The World Bank has joined the IMF in deploring Ukraine’s current economic performance. Recently the IMF put a multi-billion euro loan on hold, last week Moody’s downgraded the country’s debt; now the World Bank says growth in 2013 will be close to zero, and aid is not working.
“This financial support has been very much constrained by very low residential gas and district heating tariffs, because when you can’t recover your costs, it does not make make sense for anybody to invest, to improve that sector,” says the bank’s Belarus, Moldova and Ukraine Director Qimiao Fan.
International lenders want Ukrainians to pay closer to the market price for energy. Consumers complain on their wages that means they will freeze. However low tariffs dissuade foreign investors, even though Ukraine’s creaky gas and oil infrastructure is crying out for cash to modernise. But cold electors can vote, and Yanukovic has a potentially tricky re-election in 2015.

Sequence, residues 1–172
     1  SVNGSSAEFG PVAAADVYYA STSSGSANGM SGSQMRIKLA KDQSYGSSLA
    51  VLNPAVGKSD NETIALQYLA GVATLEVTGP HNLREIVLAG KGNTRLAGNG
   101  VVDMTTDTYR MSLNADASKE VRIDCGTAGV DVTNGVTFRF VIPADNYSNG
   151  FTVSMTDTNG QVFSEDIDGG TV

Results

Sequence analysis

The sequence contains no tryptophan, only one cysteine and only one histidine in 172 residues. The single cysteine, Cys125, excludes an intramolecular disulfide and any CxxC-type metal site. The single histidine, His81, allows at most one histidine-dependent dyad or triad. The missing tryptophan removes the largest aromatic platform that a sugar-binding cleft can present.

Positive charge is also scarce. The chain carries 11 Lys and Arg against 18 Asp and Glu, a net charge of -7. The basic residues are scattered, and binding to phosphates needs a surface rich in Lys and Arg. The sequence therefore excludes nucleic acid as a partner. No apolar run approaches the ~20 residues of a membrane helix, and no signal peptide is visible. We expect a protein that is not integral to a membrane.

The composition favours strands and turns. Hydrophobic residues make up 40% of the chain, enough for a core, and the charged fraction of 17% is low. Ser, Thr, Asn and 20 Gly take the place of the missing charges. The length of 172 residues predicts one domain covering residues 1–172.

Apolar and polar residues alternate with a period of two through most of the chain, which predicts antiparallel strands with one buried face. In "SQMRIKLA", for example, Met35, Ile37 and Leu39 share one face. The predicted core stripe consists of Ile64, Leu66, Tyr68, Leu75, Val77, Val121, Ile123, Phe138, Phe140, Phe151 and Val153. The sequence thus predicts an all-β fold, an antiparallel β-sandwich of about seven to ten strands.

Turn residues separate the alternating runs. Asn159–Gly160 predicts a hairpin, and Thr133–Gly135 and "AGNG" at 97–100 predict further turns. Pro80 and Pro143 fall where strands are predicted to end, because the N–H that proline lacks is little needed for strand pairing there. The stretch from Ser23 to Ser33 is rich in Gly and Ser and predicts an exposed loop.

“Reforms in the energy sector can’t be fast-tracked and you can’t raise residential tariffs when the population can’t pay them,” says an MP in his Party of Regions, Vitaly Khomutynnik.
Investors want to enter the Ukrainian market, but are put off by the prospect of waiting many years before seeing a return on investments, if at all.